- Grant enables UAB Hospital staff to feed underprivileged moms of newborns
- Military man coming to UAB for first time, graduates Saturday
- UAB’s College of Arts and Sciences to honor distinguished alumni and friends
- ‘Tis the season of giving — UAB launches holiday blood drive
- How a cybersecurity expert protects his smartphone
- ASC presents Take 6, “The Most Wonderful Time of the Year” Dec. 15
- Leeth named UAB School of Medicine assistant dean for strategic planning
- Coping with holiday grief
- New water plan saves big money
- Campus police offer holiday safety tips
- Alys Stephen Center Screens Walking the Camino: Six Ways to Santiago
- Hospital feeds underprivileged new moms
- UAB’s Alys Stephens Center presents Yo-Yo Ma Dec. 6
- Southern Miss tops Blazers, 62-27, in season ending game
- Henry Panion selected for 2014 Alabama African-American History Calendar
Gravity changes the cinematic game
Every so often a film comes along that you can just feel is a game-changer as you’re watching, and it’s precisely that feeling that, as a movie lover, we all crave but so rarely ever truly get. Movies like that forever change the cinema landscape, but, let’s face it, are truly too few and too far in between a whole lot of what passes for entertainment these days. Don’t get me wrong, not everything has to be some cosmic leap forward in film history. Sometimes simply being reasonably entertained is just fine. But, as a critic that sees more films than the average film-goer in a given year, you can’t help but long for those films that are truly something special.
Think Citizen Kane, The Wizard of Oz, Jaws, Halloween, Jurassic Park, Pulp Fiction, and plenty more where those came from…but not nearly as much as you’d hope. Those films changed things- they permanently altered the film landscape that came after them. In terms of science-fiction, there’s the likes of Metropolis, 2001: A Space Odyssey, and, of course, Star Wars. You can add to that the film Gravity. It’s that good.
Quite simply put, this is a remarkable film. It’s also hard to describe in a way that could possibly do it justice. On paper, it sounds kind of slight and even a little boring. Basically, Sandra Bullock plays an astronaut/medical engineer who gets set adrift in space with her colleague, played by George Clooney, after an accident involving another spacecraft causes a bunch of debris to take out their own ship. The rest of the film involves mostly Bullock trying her best not to freak out and figure a way out of her predicament, with the help of Clooney. That’s really about it.
And yet, it’s a really magical experience, I have to say. I saw the film in 3D, and it was impressive enough- I can only imagine how much better and immersive it would be in IMAX. As it stands, I can’t think of another film that even comes close to capturing what it must be like to actually be in space better than this one.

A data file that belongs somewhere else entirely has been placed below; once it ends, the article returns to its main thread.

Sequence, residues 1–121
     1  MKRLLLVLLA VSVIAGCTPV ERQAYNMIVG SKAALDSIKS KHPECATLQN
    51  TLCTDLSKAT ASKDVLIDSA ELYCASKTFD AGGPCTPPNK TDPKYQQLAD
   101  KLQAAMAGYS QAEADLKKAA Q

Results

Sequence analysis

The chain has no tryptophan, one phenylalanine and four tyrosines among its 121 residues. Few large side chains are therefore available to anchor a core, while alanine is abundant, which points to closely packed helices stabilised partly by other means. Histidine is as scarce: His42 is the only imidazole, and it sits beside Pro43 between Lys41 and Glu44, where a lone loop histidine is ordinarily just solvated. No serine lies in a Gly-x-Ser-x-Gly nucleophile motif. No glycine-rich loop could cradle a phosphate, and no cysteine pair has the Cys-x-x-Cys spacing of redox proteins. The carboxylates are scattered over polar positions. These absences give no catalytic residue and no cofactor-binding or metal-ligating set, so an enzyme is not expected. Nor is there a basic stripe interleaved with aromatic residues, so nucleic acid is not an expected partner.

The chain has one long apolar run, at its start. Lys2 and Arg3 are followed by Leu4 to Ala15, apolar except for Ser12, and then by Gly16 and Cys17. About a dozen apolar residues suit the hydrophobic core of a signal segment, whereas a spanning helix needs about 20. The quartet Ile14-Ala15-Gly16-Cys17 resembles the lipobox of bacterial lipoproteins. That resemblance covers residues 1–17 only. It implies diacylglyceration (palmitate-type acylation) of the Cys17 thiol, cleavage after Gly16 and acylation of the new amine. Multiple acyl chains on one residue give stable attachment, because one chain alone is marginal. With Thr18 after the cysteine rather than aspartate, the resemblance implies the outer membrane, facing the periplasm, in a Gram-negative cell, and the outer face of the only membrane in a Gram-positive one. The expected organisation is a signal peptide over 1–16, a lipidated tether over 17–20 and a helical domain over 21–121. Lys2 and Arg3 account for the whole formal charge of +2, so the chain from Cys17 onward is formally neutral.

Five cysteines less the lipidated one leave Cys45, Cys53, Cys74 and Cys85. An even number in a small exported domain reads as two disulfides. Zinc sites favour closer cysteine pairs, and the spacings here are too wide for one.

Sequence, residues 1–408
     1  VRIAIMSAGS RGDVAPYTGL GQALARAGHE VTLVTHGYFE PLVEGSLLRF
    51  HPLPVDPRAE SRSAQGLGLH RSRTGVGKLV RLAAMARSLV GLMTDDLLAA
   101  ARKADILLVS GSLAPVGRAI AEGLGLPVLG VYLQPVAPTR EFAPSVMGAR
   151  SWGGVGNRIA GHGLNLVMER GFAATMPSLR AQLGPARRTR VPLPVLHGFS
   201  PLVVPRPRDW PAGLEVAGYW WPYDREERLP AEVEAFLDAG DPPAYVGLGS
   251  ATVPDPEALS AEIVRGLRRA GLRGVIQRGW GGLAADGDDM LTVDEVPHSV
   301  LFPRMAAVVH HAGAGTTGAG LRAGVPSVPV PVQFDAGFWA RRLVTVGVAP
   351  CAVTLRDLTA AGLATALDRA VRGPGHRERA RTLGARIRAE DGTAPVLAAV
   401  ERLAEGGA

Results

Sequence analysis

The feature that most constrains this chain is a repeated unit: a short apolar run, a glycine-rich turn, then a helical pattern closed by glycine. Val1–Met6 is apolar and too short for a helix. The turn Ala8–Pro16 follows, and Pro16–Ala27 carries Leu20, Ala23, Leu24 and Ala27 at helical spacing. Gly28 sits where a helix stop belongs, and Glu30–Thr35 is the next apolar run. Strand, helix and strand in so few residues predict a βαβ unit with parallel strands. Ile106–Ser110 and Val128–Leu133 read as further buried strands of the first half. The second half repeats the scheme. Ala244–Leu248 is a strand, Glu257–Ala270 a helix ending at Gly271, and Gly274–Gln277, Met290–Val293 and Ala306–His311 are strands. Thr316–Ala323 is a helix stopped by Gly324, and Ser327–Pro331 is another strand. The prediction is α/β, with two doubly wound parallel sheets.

Director Alfonso Cuarón, best known for the superlative Children of Men (which had an impressive “you are there”-quality to it as well, particularly in the scenes set in vehicles) and arguably the best of the Harry Potter series, The Prisoner of Azkaban, has really outdone himself here. The effects are nothing short of remarkable, and he perfectly captures the highs and lows of space travel- the trippy weightlessness as objects cascade around you, the scariness of feeling so alone and far away from civilization, and the frustration of trying to complete tasks that would typically be a relative breeze to someone in the know under normal circumstances, but become a constant struggle under the intense conditions that are working in space. No doubt about it- Cuarón nails it.
This is one hypnotic film, and yet, that swooning, relaxing sensation comes and goes as Bullock’s character is put through the wringer with one traumatic scenario after another, jarring the viewer out of their complacency with alarming regularity. I honestly can’t think of another film that’s managed to wring such an enormous amount of suspense out of such a slow-moving situation as featured here, but damned if it doesn’t work like gangbusters. I’ll allow that some people might find it a bit too slow-moving, given this quality of the film, but I found it entrancing, personally, and if it sounds like something you’d like, chances are you probably will, too.
Man, oh man, this is shaping up to be a killer Oscar season, and it’s only getting started. Look for Bullock to almost certainly clinch another Oscar nomination, with Cuarón likely to get a nod for Directing and Best Picture, as well. I can’t imagine the film not getting some technical awards at the very least. It really is an impressive achievement, and deserves every bit of praise it’s almost certainly going to get.
Gravity also earns the easiest A+ I’ve given all year. By all means, run-don’t walk- or at least, should I say, drift to the nearest theater to see this one, and make sure it has a quality sound system and the biggest screen you can find. Trust me, you’ll want it for this one- 3D is an absolute must. It’s nothing less than a modern-day classic of its kind, and hands down one of the most essential viewing experiences of the year so far. I can’t imagine it won’t be one of the best, period. This is the kind of film people go to the movies in the first place hoping to see, but so rarely get. Wait no further- you can’t go wrong with Gravity.